Estonian PM wants to rewire Russian brains
Estonian Prime Minister Kaja Kallas has suggested that the entire population of Russia should be re-educated to root out any traces of “imperialistic dreams,” claiming that otherwise, with or without President Vladimir Putin at the helm, “history will repeat itself” and Europe will never be safe.
Expressing her certainty that with the help of NATO, Ukraine will eventually defeat Russia on the battlefield, Kallas claimed on Sunday it was high time to discuss the question of “accountability” for the conflict, and how to deal with Russians who “admire dictators.”
“Our history books were rewritten after we regained our independence to reflect all the crimes that were committed. It was not the same for Russia,” Kallas said during the last day of the Munich Security Conference.
“[The Russians] are defining themselves through the empire really; they are the masters of that empire. If people admire dictators, there is no obstacle to becoming one or submitting to one,” she said, arguing that the only way to break this cycle is to rewrite history books.
“History matters… They are still teaching and learning from Soviet history books,” she added. “And I'm not talking about Putin, not Putin, it's the nation and what is in it, what are they celebrating really… we have to cut that cycle.”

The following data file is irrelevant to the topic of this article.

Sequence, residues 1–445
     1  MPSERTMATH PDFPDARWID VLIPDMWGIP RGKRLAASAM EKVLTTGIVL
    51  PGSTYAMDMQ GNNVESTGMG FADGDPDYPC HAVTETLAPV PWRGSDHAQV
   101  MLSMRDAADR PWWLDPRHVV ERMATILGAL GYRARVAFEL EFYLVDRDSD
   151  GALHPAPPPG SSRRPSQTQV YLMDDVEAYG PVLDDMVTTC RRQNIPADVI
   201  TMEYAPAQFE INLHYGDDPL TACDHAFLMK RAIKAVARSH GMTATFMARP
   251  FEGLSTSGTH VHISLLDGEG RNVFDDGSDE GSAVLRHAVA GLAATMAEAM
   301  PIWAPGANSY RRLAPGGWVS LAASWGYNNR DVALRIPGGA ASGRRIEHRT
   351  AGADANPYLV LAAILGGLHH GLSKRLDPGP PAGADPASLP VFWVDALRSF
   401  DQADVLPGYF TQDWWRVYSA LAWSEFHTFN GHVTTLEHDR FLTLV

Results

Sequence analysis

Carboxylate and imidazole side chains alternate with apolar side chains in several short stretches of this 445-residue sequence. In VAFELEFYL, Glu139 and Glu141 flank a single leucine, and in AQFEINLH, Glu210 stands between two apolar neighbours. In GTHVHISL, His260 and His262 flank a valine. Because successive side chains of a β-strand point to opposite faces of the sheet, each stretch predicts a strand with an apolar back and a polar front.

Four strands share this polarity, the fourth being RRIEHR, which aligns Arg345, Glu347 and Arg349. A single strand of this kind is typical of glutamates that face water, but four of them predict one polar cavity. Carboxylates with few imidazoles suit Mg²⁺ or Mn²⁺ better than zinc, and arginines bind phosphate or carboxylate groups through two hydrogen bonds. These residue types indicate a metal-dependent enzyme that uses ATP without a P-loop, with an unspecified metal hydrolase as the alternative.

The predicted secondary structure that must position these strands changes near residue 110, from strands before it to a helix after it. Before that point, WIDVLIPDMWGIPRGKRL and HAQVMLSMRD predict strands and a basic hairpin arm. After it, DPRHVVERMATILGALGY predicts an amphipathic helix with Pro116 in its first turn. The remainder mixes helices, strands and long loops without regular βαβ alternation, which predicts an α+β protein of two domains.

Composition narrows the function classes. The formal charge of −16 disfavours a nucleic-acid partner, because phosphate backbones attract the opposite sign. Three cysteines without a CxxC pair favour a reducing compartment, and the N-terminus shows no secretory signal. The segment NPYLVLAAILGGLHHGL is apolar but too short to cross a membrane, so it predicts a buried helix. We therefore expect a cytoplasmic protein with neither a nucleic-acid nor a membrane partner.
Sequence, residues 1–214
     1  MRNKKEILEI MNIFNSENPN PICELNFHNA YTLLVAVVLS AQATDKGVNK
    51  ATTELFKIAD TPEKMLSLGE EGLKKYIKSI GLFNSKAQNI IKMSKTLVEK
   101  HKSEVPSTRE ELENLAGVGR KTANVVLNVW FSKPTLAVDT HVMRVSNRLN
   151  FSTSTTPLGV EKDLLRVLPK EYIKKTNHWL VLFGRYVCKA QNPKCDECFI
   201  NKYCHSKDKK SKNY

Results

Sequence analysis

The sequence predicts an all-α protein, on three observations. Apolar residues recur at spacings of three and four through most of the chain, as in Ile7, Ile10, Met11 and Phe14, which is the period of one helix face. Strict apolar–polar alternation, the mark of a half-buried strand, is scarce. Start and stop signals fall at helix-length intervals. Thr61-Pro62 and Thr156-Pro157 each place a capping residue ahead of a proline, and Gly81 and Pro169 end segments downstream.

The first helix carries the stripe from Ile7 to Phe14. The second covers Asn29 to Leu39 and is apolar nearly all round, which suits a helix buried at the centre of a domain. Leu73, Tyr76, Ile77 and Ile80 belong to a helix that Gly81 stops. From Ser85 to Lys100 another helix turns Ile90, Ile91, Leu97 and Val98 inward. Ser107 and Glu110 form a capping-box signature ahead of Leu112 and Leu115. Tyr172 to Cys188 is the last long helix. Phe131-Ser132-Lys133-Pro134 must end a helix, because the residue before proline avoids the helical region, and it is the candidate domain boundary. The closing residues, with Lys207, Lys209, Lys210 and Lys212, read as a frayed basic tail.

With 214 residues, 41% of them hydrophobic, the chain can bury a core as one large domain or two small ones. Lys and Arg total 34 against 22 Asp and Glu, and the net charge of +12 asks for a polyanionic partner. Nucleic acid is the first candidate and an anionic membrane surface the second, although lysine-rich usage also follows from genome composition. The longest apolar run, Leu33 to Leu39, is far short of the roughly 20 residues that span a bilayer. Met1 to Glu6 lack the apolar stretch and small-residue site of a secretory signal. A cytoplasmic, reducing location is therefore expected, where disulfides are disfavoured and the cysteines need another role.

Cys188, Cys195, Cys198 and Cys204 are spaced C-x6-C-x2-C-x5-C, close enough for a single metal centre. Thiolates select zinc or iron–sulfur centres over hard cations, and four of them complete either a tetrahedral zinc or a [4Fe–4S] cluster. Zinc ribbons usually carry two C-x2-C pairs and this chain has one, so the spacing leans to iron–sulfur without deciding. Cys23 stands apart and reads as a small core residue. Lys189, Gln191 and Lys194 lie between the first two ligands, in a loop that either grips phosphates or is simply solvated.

Drawing parallels with Nazi Germany, Kallas argued that only after the Nuremberg trials “the German people got to know about the crimes that the Nazis committed, hence the change in mindset.”
Estonia, along with the other Baltic states, has been among the hardline supporters of Ukraine amid the conflict with Moscow, pledging roughly 1% of its GDP in military assistance to Kiev, and strongly backing EU sanctions on Russia. Among other things, last year Tallinn's parliament passed a bill to completely phase out Russian-language schooling. Kallas defended the measure, which affects the Russian ethnic minority – around a quarter of the nation’s population of 1.3 million. She insisted the reform is an entirely “normal” thing for Europe.
Since the fall of the Soviet Union, Estonian officials increasingly attempt to portray the period as an illegal “annexation,” while revising the history of the Nazi German occupation, Estonian collaboration with the Nazis, and the Soviet move to incorporate the Baltic states in 1940. The Nazi-run Reichskommissariat Ostland region was the site of fierce battles during WWII, with German forces, as well as locally raised troops fighting against the advancing Soviet Red Army before the country was liberated in September 1944.